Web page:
We start by defining basic (factual) science in general as a family of scientific research fields (or disciplines), where a family of particular disciplines is a collection every member s of which is characterizable by a 10-tuple s={C,S,D,G,F,B,P,K,A,M}, where, at any given moment, (I) C, the research community of s, is part of the scientific community in general and is composed of persons who have received scientific training, hold strong information links among themselves, and initiate or continue a tradition of scientific research; (ii) S is the society that hosts C and encourages or at least tolerates the activities of the components of C; (iii) D, the domain or universe of the discourse of s, is a collection of (actual or putative) concrete or real things and their changes, past, present, and future; (iv) G, the general outlook or philosophical background of s, consists of the ontological, epistemological, axiological, and moral principles that guide the study of D. More precisely, G comprises a naturalistic ontology, a realist epistemology, and a system of internal values, an endoaxiology, which is particularly characterized by the ethos of the free search for truth. The internal value system of science includes such logical values as exactness, systemicity, and logical consistency; semantical values such as meaning definiteness, hence clarity, and maximal truth or adequacy of ideas to facts; methodological values such as testability and the possibility of scrutinizing and justifying the very methods employed to put ideas to the test; and, finally, attitudinal and moral values such as critical thinking, open-mindedness (but not blank- mindedness), veracity, giving credit where credit is due, and so on. The endoaxiology of science is often called the ‘ethos of science’. Basic science is value-free only in the sense that it makes no value judgements about its objects of study or referents-except perhaps about their suitability as objects of study with regard to a certain technique at hand. That is, basic science has no external value system or exoaxiology; (v) F, the formal background of s, is a collection of up-to-date and mathematical theories that are (or can be) used by the components of C in studying the members of D; (vi) B, the specific background of s, is a collection of up- to-date and reasonably well confirmed knowledge items (data, hypotheses, and theories) obtained in other scientific disciplines relevant to s; (vii) P, the problematics of s, consists exclusively of cognitive problems concerning the nature, particularly the laws, of the members of D; (viii) K, the fund of knowledge of s, is the collection of up-to-date and reasonably well-confirmed knowledge items (data, hypotheses, and theories) obtained by the components of C at various times; (ix) A is the collection of aims of the components of C with regard to their study of the members of D, in particular the discovery of the laws of the members of D as well as their description, explanation, and prediction; (x) M, the methodics (often misnamed ‘methodology’) of s, is the collection of checkable and explainable methods utilizable by the components of C in the study of the members of D; (xi) s has strong permanent links with other scientific disciplines; (xii) the membership of every one of the last eight coordinates of s changes, however, slowly, as a result in s as well as in related fields (Bunge & Manner 185-187).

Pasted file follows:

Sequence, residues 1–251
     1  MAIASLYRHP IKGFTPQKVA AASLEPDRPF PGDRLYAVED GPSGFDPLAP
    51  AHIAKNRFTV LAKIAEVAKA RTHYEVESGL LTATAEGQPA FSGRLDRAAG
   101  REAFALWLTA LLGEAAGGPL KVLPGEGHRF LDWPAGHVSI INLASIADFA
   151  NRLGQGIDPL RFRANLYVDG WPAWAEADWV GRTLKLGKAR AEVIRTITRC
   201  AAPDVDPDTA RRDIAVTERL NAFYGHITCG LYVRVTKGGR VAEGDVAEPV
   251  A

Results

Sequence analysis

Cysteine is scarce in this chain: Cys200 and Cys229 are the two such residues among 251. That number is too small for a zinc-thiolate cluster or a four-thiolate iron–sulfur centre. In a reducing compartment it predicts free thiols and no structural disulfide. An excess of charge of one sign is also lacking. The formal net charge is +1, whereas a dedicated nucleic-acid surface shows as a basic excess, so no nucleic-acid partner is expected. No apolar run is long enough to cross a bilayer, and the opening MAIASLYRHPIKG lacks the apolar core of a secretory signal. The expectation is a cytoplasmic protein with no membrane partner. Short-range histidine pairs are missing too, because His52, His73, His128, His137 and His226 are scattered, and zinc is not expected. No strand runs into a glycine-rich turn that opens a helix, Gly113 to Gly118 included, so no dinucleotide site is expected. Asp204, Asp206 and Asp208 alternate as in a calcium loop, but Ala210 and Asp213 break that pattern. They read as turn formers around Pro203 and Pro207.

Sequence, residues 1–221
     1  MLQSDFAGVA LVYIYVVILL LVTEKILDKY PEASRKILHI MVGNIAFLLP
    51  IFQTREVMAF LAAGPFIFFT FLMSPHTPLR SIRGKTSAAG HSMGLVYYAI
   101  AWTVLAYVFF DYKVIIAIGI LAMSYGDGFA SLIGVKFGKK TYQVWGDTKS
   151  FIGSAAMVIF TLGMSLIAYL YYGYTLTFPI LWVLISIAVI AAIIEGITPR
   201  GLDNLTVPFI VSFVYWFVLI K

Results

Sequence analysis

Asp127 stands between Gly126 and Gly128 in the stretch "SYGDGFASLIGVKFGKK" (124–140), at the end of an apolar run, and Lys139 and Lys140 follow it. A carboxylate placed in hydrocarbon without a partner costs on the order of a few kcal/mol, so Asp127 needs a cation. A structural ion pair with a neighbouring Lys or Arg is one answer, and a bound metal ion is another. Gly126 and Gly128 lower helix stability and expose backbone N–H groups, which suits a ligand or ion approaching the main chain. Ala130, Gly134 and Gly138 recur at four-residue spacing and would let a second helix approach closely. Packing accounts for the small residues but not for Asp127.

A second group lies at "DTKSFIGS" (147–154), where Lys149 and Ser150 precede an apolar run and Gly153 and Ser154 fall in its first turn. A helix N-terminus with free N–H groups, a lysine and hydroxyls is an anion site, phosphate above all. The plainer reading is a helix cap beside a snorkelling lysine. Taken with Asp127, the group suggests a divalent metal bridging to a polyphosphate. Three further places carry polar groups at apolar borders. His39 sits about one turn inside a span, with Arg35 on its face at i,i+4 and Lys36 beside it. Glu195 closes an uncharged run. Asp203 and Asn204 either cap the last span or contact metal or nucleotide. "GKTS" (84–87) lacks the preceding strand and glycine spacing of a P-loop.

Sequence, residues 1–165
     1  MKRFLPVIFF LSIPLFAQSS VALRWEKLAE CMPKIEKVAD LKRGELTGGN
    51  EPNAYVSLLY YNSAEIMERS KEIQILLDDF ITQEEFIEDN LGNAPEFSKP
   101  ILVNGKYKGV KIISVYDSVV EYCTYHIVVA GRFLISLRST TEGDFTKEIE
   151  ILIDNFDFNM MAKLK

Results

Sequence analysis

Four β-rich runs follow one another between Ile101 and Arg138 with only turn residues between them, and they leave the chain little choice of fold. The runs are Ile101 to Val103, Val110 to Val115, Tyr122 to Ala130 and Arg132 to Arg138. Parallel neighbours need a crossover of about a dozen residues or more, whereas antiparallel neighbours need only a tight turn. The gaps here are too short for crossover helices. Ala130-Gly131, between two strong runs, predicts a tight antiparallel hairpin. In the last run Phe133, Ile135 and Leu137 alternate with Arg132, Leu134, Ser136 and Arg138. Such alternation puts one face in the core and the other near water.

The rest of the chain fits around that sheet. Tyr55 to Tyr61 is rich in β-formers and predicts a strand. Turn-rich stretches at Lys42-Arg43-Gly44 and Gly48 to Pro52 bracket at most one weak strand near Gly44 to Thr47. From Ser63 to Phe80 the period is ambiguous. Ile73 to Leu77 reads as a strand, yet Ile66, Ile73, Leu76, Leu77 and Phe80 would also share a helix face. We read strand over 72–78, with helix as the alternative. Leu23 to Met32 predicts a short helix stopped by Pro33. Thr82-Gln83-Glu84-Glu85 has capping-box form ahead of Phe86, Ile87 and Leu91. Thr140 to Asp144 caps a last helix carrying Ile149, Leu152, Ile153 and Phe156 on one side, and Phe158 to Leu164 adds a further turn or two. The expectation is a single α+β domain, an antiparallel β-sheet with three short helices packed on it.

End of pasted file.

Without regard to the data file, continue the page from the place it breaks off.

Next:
About nathanalbright

I'm a person with diverse interests who loves to read. If you want to know something about me, just ask.